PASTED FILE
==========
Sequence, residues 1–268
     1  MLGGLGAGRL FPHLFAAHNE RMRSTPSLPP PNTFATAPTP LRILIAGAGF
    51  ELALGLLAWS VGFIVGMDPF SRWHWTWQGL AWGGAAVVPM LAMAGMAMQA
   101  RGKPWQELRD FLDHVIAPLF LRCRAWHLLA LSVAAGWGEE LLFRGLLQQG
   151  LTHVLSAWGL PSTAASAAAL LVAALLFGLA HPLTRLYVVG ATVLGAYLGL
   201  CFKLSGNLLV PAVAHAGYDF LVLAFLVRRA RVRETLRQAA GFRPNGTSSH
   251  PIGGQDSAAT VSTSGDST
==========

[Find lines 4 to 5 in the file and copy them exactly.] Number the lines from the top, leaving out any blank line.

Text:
   101  RGKPWQELRD FLDHVIAPLF LRCRAWHLLA LSVAAGWGEE LLFRGLLQQG
   151  LTHVLSAWGL PSTAASAAAL LVAALLFGLA HPLTRLYVVG ATVLGAYLGL